Institutional archives, such as the ones at IISc and IIMA, are different from public archives like the National Archives in New Delhi. Public archives store government-related documents, material related to different communities, and culturally significant artefacts. On the other hand, the collections in institutional archives are “more flexible and organic,” observes Anjali J, archivist at the National Centre for Biological Sciences (NCBS), Bangalore. Materials in public archives are curated and categorised based on their importance. Not all original pieces are necessarily collected; archivists choose the most vital and representative ones for preservation, she adds.
Institutional archives are first and foremost committed to their parent institution, prioritising the collection of materials unique to that institution’s history. They are usually located within or near it, symbolising their strong connection with the institution’s identity. They are often supported by the parent institution, but external agencies, philanthropists and alumni also contribute funds to support such archives.
Some institutional archives have gone beyond just preserving their parent institute’s history. An example is the Archives at NCBS, which has now evolved into a public repository for contemporary science, housing special collections like that of entomologist Leslie Coleman, oral history recordings of Indian scientists, and a large collection of papers and materials on MS Swaminathan, considered the father of India’s Green Revolution. Institutional archives also collaborate with other organisations and companies to curate and exhibit their material. “The response from our wide array of stakeholders and users guided us to conduct exhibitions, and collaborate with the Ministry of Culture,” says Abhishek. “In the long run, we aim to be a business history research hub.”
Preserving IISc’s history
As one of the first institutions in the country to focus solely on advanced scientific research and education, IISc has remained one of the main characters in the still unfolding story of Indian science. Preserving its historical material can not only help safeguard its legacy but also provide lessons and learnings for the Institute’s advancement. The IISc Archives, housed within the Office of Communications (OoC), is the custodian of most of the Institute’s historical documents sourced from various academic and non-academic departments – papers, reports, photographs and artefacts that capture various moments in its history.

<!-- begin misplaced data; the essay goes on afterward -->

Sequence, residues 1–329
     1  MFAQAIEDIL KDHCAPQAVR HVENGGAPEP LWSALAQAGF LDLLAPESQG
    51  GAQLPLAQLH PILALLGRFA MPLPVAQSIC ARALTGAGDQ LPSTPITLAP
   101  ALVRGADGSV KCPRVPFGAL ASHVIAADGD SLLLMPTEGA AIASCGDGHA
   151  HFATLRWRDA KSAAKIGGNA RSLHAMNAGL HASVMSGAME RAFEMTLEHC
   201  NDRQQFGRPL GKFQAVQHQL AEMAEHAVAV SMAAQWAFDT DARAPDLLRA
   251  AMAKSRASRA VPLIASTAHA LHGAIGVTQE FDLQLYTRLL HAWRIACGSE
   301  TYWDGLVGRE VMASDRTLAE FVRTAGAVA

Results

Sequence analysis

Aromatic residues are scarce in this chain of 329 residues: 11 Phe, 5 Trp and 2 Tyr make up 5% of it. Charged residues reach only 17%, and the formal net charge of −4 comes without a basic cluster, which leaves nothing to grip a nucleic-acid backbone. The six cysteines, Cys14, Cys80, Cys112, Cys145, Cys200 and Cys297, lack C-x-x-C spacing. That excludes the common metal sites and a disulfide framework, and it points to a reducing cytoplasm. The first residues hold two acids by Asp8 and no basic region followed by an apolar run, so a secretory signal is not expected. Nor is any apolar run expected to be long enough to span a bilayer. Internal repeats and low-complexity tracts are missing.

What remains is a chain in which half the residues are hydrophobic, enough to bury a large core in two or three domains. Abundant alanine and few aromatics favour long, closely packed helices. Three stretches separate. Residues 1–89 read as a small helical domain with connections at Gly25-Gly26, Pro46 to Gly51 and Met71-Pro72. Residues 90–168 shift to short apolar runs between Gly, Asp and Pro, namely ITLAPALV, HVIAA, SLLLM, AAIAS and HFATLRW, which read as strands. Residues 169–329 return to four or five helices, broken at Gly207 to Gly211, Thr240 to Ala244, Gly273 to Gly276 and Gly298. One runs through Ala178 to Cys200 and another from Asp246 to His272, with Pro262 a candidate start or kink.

Preserving its historical material can not only help safeguard its legacy but also provide lessons and learnings for the Institute’s advancement
As an in-house archive, its collections are somewhat unique. For instance, it houses a rare collection of blueprints of labs, buildings and research equipment. One of these is a blueprint showing the structure of a liquid-liquid extraction column dated 13 November 1957. “Blueprints were used to get multiple copies from a single drawing. When making them, the drawing is done on a transparent sheet with black ink or pencil. This sheet is placed under another sheet treated with ammonium citrate and exposed to sunlight for a certain time. The parts exposed to light turn blue, while unexposed parts under the ink remain the same,” explains Sindhu Nagaraja, a conservationist who consults at the IISc Archives. There are also blueprints of the construction plan for the Primate Research Laboratory, dated 1975, and maps of faculty housing colonies printed using an ammonium printing technique that uses a UV machine instead of sunlight. These were some of the early methods used to make copies of building designs and lab apparatus. “The signatures and notes inside these materials add an extra layer of intrigue to the collection,” she adds.